• R.D. Lieberman,Consultant

Defective Assignment of Claims on a Contract

Updated: Aug 18

The Assignment of Claims Act of 1940 (31 U.S.C. § 3727 & 41 U.S.C. § 6305), provides a financing mechanism somewhat similar to the “invoice factoring” used in commercial contracts. (In commercial contracts, in order to get immediate cash when invoices are not paid timely, a business may sell its accounts receivable to a third party or factor, usually at a discount.) The Assignment of Claims Act, as implemented in FAR Subpart 32.8, permits companies to assign money that is due under the contract if the following conditions are met:


(a) The contract specifies payments aggregating $1,000 or more; (b) The assignment is made to a bank, trust company, or other financing institution, including any Federal lending agency; (c) The contract does not prohibit the assignment; (d) Unless otherwise expressly permitted in the contract, the assignment-

(1) Covers all unpaid amounts payable under the contract; (2) Is made only to one party, except that any assignment may be made to one party as agent or trustee for two or more parties participating in the financing of the contract; and (3) Is not subject to further assignment.

(e) The assignee sends a written notice of assignment together with a true copy of the assignment instrument to the- (1) Contracting officer or the agency head; (2) Surety on any bond applicable to the contract; and (3) Disbursing officer designated in the contract to make payment.

Allied Meridian Funding LLC v. Dept of Agriculture, CBCA 6893, March 18, 2021, is an example of how a contractor or assignee under the Act and the FAR can make a defective assignment and not accomplish their objectives.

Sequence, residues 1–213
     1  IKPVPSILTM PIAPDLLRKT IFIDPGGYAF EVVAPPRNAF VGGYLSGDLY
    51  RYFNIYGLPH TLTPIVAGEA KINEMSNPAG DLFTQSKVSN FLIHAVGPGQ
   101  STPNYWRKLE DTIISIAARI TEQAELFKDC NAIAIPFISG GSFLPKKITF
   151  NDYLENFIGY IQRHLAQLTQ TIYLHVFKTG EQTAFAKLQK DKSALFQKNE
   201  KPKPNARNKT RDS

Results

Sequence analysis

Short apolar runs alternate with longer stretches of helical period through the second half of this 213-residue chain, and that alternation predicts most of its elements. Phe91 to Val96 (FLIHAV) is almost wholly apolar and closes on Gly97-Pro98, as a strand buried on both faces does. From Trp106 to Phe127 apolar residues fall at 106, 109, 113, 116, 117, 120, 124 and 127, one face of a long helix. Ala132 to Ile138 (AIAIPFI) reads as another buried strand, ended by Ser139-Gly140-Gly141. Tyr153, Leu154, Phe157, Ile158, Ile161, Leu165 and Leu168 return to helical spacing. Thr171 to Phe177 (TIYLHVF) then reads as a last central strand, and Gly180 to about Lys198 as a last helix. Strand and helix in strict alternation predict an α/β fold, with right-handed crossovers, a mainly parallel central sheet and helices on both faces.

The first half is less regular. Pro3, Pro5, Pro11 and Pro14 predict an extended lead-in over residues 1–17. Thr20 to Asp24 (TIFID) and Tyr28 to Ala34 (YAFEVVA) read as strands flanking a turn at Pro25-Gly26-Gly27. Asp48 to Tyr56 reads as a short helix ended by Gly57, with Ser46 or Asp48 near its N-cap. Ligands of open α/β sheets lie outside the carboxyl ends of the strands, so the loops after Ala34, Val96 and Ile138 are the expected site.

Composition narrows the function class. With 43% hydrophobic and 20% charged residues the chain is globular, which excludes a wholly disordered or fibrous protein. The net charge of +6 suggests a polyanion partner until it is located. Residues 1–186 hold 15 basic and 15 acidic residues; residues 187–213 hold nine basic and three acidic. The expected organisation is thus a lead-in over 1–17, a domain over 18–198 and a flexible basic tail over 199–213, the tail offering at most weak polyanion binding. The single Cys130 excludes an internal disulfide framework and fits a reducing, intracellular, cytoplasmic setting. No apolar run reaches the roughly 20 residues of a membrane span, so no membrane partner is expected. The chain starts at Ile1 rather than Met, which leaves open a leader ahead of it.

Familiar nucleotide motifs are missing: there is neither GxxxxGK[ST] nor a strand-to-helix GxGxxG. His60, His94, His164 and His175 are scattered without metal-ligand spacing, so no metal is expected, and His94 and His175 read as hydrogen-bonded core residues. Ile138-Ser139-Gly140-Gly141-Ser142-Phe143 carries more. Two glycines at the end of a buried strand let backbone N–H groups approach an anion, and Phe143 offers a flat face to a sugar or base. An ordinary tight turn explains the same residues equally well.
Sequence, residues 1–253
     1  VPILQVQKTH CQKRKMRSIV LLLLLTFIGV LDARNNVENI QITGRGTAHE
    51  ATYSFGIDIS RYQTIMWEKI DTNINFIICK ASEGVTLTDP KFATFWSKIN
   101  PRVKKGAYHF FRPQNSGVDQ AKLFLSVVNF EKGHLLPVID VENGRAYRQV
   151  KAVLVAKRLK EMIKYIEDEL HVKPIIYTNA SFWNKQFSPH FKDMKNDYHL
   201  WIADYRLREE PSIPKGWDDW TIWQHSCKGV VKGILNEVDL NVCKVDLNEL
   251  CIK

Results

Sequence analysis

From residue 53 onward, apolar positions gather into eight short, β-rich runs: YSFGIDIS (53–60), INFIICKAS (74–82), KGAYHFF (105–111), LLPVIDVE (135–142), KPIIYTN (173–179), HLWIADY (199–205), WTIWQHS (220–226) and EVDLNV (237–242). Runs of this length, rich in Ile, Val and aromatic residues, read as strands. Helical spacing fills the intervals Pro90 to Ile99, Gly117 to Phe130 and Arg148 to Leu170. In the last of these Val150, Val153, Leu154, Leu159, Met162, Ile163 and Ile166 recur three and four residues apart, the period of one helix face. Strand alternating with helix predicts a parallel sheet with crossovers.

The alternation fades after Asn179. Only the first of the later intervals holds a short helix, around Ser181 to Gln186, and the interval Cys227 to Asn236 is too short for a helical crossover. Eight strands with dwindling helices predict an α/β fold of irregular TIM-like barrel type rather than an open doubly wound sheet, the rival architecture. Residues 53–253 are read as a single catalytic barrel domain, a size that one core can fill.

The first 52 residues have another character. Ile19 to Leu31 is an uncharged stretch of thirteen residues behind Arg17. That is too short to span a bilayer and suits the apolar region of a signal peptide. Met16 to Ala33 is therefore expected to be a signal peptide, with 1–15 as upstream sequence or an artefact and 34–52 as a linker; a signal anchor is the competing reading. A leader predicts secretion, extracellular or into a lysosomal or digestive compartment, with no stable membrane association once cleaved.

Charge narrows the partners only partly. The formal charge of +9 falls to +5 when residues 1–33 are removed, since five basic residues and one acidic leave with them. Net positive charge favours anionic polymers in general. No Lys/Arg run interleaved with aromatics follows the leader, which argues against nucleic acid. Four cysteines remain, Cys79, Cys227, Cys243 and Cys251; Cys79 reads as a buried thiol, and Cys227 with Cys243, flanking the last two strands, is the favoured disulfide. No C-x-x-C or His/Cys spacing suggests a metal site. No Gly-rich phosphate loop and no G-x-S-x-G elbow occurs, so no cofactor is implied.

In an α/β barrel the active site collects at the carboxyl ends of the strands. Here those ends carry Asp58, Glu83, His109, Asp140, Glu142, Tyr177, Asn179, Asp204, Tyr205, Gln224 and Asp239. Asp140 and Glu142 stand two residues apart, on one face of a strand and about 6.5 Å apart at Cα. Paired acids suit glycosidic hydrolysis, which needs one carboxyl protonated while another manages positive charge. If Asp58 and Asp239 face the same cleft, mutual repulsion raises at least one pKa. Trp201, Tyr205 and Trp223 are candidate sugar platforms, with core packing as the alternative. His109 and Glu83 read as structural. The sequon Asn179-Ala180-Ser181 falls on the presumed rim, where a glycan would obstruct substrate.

On August 29, 2016, the Department of Agriculture awarded Genesis Management Group a contract to provide staffing services. Genesis executed an assignment of “all moneys due or to become due to Allied Meridian Funding” on October 10, 2016. However, the document was not notarized until December 1, 2016. Further, the Contracting Officer was given no notice, actual or constructive until December 1, 2016, when, on December 2, 2016, he modified the contract to incorporate the assignment of claims.


Allied submitted a claim for $86,840, for all invoices financed by it between October 10, 2016 and December 2, 2016. The Board denied the entire claim, agreeing that the Department of Agriculture had properly paid Genesis until December 2, 2016, because there had been no notification, as required by FAR 32.802(e) (requiring the assignee to “file written notice of the assignment and a true copy of the instrument of assignment with… the contracting officer or head of the officer’s department or agency [and others]”.) The Board noted that the Government will not recognize an assignment until the assignee files written notice, and a true copy of the instrument of assignment with the contracting officer, among others. Allied was out of luck, unless it could obtain repayment from Genesis.


Takeaway: Meeting the requirements of the Assignment of Claims Act and its regulation at FAR Subpart 32.8 is not a difficult thing to do. FAR 32.805(e) even provides a sample format for the notice of assignment, and reminds the writer of that format of the persons who must receive a copy. All the assignee needs to do is read and comply with this straightforward regulation. The transmission of an assignment should be made by Registered or Certified Mail, or by a carrier that provides a receipt, or even email, provided that the sender receives a return email confirming receipt.


For other helpful suggestions on government contracting, visit:

Richard D. Lieberman’s FAR Consulting & Training at https://www.richarddlieberman.com/, and Mistakes in Government Contracting at https://richarddlieberman.wixsite.com/mistakes.

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